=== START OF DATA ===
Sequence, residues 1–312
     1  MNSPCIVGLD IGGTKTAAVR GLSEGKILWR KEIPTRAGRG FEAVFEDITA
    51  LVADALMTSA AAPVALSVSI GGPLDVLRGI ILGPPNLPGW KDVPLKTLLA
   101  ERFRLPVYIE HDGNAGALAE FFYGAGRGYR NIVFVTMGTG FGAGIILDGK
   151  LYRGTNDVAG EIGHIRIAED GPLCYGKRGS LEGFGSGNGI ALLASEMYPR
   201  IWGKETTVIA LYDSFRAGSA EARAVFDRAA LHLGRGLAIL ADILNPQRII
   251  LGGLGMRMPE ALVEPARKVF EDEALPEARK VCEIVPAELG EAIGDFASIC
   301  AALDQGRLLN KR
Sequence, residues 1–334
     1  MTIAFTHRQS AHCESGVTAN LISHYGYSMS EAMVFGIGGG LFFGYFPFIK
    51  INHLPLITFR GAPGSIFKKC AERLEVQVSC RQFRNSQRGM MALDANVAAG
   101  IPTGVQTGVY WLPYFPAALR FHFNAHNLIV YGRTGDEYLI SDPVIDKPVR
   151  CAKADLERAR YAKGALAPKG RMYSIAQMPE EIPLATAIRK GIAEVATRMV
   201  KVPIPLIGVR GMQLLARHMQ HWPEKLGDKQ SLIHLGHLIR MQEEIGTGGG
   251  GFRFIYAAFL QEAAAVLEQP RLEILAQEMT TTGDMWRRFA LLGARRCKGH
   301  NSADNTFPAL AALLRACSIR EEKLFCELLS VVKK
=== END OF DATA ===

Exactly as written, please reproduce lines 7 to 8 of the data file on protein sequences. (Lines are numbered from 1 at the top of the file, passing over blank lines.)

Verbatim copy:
   251  LGGLGMRMPE ALVEPARKVF EDEALPEARK VCEIVPAELG EAIGDFASIC
   301  AALDQGRLLN KR